# Chapter 9

# Numerical Integration

**Core Topics**

Rectangle and midpoint methods (*9.2*).

Trapezoidal method (*9.3*).

Simpson's methods (*9.4*).

Gauss quadrature (*9.5*).

Evaluation of multiple integrals (*9.6*).

Use of MATLAB built-in functions for integration (*9.7*).

**Complementary Topics**

Estimation of error (*9.8*).

Richardson's extrapolation (*9.9*).

Romberg integration (*9.10*).

Improper integrals (*9.11*).

## 9.1 BACKGROUND

Integration is frequently encountered when solving problems and calculating quantities in engineering and science. Integration and integrals are also used when solving differential equations. One of the simplest examples for the application of integration is the calculation of the length of a curve (Fig. 9-1). When a curve in the *x-y* plane is given by the equation *y* = *f*(*x*), the length *L* of the curve between the points *x* = *a* and *x* = *b* is given by:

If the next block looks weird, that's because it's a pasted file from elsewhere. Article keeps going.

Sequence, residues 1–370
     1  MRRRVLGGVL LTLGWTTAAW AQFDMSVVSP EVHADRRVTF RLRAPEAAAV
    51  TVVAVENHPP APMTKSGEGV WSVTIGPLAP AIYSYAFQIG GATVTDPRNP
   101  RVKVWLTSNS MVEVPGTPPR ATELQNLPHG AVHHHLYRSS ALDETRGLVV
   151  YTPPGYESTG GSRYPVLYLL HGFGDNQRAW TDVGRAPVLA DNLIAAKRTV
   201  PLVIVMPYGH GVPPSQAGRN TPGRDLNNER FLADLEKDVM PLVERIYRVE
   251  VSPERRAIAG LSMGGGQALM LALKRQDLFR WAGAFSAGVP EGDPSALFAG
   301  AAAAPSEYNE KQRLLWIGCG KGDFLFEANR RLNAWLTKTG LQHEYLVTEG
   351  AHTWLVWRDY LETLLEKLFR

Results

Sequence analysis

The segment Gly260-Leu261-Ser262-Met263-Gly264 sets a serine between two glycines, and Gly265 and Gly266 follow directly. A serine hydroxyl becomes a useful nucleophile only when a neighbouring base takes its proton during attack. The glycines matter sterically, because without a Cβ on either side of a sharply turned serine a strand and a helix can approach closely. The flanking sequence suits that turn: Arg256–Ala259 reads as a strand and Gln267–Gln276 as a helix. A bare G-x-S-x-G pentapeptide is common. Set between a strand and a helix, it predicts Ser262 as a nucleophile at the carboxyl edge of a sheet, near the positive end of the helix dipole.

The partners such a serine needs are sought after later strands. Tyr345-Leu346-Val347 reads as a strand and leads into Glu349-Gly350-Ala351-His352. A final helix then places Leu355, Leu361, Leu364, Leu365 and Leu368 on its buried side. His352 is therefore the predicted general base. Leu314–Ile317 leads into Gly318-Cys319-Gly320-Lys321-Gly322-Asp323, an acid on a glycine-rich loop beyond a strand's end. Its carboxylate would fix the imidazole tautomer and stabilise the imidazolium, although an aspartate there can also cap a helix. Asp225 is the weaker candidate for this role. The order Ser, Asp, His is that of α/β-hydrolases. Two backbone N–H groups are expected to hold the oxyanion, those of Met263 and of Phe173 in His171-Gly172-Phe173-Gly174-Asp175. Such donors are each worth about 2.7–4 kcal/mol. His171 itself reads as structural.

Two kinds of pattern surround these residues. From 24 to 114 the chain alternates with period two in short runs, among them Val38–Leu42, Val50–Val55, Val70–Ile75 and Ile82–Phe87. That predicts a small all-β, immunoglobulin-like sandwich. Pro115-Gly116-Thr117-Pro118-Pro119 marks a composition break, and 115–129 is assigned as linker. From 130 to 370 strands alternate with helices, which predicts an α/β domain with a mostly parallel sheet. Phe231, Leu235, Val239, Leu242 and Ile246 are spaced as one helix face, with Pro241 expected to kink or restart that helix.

In engineering there are circumstances that involve experimental or test data, where a physical quantity that has to be determined may be expressed as an integral of other quantities that are measured. For example, the total rate of heat flow through a cross section of width *W* and height (*b* – *a*) is related to the local heat flux via an integral (see Fig. 9-2):

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